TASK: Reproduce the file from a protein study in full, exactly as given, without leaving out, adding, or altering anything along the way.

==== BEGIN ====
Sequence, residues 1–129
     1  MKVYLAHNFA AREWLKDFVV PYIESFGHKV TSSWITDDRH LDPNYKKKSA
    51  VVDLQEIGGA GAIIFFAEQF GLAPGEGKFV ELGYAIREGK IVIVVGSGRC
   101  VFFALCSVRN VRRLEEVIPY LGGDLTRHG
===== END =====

Sequence, residues 1–129
     1  MKVYLAHNFA AREWLKDFVV PYIESFGHKV TSSWITDDRH LDPNYKKKSA
    51  VVDLQEIGGA GAIIFFAEQF GLAPGEGKFV ELGYAIREGK IVIVVGSGRC
   101  VFFALCSVRN VRRLEEVIPY LGGDLTRHG